The Northern Nevada International Center (NNIC) has the great honor of playing host to a specially-selected group of sub-Saharan African professionals for six weeks each year as part of the Mandela Washington Fellowship, the flagship program for the U.S. Department of State Young African Leaders Initiative.
Each year, the NNIC team works to give these inspirational professionals insights in their respective industries and fields of interest by introducing them to Northern Nevada companies and professionals to mentor them as they seek to evolve their own projects and pursuits. They take home with them indelible fingerprints of the Biggest Little City that have caused impressive ripple effects in their home countries.
This year, on the heels of Wim Hof rumblings and a plethora of cold plunge data, we invited Trybe Summits to work with the Mandela Washington Fellows, exploring how cold water improves our body and mental performance. In the picturesque, frigid Tahoe setting, I quickly realized the cold plunge exercise and narrative in particular could be beneficial for the NNIC staff and booked Trybe Summits for our staff retreat Sept. 13 at Donner Lake.
I have to admit I was personally changed by this and now make it a habit to plunge myself in the Truckee at least once a day. But it’s also been beneficial for our staff (and MWF Fellows) in the following ways:
Adding another tool in the mental health toolbox. As the country grapples with sharp increases in mental health needs and crises, it’s powerful to give individuals another tool for maintaining their mental health. It’s not a replacement for all other tools, but certainly something that individuals can try. More research is needed, but some studies suggest cold immersion can reduce anxiety and depression and augment well-being.
Improved stress response. According to information published in the International Journal of Circumpolar Health, cold water immersion can positively impact our body’s ability to regulate stress. The extreme temperature of the water helps your body better separate physical stressors from mental stressors by reacquainting it with physical discomfort. In short, it builds resilience. Our team manages multiple projects every year and, in particular, each summer – when we could be managing anywhere between one to four international exchange programs with hundreds of international visitors placed in our care. Methods for improving the stress response certainly impacts outcomes from NNIC.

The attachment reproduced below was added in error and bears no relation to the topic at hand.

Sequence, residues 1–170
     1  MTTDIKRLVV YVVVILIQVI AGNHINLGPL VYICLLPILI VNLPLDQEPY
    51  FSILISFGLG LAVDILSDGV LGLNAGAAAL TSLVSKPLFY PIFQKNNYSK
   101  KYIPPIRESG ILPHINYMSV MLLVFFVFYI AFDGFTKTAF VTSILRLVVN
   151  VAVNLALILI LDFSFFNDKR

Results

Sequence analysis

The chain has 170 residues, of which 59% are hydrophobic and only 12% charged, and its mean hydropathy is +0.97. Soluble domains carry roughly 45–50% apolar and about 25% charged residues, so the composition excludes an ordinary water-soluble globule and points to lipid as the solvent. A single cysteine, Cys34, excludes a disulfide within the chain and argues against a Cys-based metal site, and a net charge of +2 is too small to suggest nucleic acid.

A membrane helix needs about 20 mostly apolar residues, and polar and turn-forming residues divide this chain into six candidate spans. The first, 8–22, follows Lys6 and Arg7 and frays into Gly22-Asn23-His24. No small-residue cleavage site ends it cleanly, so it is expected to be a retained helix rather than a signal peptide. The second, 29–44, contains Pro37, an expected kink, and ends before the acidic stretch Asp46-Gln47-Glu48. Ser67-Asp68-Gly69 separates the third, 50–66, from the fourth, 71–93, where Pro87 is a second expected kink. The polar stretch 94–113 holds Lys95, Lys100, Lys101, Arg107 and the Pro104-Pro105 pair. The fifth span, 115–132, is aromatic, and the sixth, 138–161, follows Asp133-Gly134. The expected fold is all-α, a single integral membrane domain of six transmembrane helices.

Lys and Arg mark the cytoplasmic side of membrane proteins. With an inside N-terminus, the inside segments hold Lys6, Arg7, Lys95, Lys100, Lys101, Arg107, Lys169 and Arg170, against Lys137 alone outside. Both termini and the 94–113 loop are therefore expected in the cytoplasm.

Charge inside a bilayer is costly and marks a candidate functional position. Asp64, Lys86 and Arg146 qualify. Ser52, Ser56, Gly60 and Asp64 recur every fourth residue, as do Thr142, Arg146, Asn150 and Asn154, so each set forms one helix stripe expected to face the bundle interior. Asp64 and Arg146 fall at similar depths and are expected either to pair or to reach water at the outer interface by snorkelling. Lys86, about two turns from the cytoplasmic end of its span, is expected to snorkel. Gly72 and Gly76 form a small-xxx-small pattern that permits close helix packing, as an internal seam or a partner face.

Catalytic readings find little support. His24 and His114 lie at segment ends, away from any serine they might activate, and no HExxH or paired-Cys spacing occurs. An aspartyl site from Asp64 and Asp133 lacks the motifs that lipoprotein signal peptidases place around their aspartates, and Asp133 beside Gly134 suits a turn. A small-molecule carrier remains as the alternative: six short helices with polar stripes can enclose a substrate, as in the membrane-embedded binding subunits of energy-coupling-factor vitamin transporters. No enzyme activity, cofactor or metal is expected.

Our organization works to build bridges of understanding while fostering global engagement through refugee resettlement, international exchanges and language access. Our team is often juggling multiple directives from the U.S. Department of State and from U.S. embassies across the globe, while working directly with global partners to curate experiences and cultivate relationships. In short, there is a lot to manage.
Many of our team members were skeptical of the cold immersion activities – but in watching the Mandela Washington Fellows, I knew that what awaited our team upon exiting the water was a host of benefits. I’ve heard from both Fellow and staff members now that they felt a jolt of clarity immediately after their time in the cold. Many of them continue to plunge – or immerse in cold, even if it’s in the shower. And it has helped them to mitigate and reduce pain from head and body aches, while also giving them a tiny bit of a calmer outlook on the day ahead.
I know we’re entering the cold season, but this could be another tool your team could leverage. I know it’s certainly helped ours!
Dr. Carina Black is executive director of Northern Nevada International Center.